Work to repair a stretch of popular Peak District bridleway set to get underway
22 January 2018
Repair works to protect wildlife and moorland habitat are set to begin on the Cutthroat track bridleway.
The Moors for the Future Partnership is delivering works for and on behalf of the owner of the popular route, on the Moscar Estate. The site sits near to Ladybower Reservoir, just off the major A57 road.
The project will get underway on Monday 29th January, to repair the most badly damaged 200m stretch of the track. It will finish by Saturday 31st March in time for the bird breeding season, so we don't disturb any birds that are nesting nearby.
Funding comes from Derbyshire County Council and the Natural England Higher Level Stewardship scheme, to protect the moorland habitat.
The public right of way suffers from its popularity. It is arguably one of the best mountain biking routes in the country. It’s also used by walkers and horse riders.
Large stretches of the route are badly degraded and visitors inevitably try to avoid the poor surfaces. This has caused the route to widen up to 10 metres in some parts. The damage disturbs native plants that thrive in the area, as well as birds that nest on the ground.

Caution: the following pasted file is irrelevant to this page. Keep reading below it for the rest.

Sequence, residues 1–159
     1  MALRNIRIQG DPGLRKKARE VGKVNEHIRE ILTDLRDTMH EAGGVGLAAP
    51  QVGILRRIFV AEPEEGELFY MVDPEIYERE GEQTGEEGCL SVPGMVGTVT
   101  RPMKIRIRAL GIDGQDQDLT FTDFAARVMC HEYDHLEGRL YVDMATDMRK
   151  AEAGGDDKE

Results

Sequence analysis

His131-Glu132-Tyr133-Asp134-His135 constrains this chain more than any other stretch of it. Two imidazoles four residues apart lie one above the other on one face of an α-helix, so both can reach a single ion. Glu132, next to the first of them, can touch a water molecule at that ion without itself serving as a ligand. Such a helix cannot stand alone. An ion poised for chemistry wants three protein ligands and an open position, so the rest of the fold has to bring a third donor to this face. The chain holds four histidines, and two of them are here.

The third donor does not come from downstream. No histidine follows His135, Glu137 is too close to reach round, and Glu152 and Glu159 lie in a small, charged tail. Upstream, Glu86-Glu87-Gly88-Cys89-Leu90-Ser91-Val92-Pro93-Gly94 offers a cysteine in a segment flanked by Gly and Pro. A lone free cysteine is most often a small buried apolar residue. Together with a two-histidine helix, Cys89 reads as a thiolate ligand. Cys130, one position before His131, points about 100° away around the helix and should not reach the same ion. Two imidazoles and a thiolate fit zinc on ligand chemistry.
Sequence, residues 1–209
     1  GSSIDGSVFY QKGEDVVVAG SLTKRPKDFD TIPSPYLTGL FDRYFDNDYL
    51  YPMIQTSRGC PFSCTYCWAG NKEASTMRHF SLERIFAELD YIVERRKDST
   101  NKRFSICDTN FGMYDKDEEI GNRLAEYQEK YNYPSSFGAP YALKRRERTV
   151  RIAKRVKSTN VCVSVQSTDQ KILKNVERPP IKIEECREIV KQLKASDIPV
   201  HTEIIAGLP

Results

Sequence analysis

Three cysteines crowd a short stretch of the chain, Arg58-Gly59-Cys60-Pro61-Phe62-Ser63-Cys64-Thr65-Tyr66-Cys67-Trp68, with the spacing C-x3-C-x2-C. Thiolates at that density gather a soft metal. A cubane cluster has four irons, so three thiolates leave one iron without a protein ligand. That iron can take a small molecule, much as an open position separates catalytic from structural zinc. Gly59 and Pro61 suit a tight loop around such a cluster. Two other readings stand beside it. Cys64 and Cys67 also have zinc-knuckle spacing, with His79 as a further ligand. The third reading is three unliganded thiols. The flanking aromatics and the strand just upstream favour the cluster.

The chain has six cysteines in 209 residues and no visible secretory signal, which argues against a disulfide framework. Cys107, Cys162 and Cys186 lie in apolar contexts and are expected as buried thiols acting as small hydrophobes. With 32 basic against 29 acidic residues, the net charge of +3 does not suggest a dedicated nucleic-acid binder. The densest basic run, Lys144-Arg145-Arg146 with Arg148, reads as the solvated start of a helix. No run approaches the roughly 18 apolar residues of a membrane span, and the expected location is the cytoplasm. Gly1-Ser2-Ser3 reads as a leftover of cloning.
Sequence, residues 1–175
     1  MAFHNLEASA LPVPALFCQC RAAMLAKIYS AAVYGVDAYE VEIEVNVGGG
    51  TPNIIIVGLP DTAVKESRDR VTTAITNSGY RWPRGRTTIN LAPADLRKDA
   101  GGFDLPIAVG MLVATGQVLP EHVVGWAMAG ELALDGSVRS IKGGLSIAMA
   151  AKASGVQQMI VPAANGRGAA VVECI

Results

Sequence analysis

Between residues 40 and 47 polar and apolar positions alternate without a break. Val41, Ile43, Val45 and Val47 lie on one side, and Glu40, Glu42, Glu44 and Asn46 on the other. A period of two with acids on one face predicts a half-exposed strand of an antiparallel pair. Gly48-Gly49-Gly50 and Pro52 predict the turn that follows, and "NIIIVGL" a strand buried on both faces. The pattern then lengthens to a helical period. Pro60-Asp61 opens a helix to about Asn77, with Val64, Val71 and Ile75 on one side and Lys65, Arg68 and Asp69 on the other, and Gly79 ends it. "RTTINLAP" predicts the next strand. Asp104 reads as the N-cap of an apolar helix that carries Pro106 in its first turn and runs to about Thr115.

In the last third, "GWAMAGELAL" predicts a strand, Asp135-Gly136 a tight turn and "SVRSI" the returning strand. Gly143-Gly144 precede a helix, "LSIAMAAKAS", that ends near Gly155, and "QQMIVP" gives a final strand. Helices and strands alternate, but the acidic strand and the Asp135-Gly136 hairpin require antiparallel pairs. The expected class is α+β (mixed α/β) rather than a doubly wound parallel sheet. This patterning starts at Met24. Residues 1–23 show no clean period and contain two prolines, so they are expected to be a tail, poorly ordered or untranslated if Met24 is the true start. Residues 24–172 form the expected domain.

Before the project was given the green light, an informal consultation took place with local user groups for them to give feedback on the proposals.
The aim of the project is to prevent further erosion into the moorland habitat. A new hard wearing surface will be constructed using a sub soil stone, originating locally in the ground. Effective drainage will also be put in place to control the force of water running onto the bridleway.
Due to the site's historic sensitivity, works will be undertaken with an archaeologist present at all times. It will be their job to watch each movement of soil. The Moors for the Future Partnership has worked closely with colleagues at the Peak District National Park Authority, to ensure any sensitive archaeology is safeguarded.
The bridleway will remain open to visitors, but contractors will be present undertaking the works. There will also be vehicles such as diggers and helicopters transporting heavy materials to the remote site, including stone and moorland seeds.
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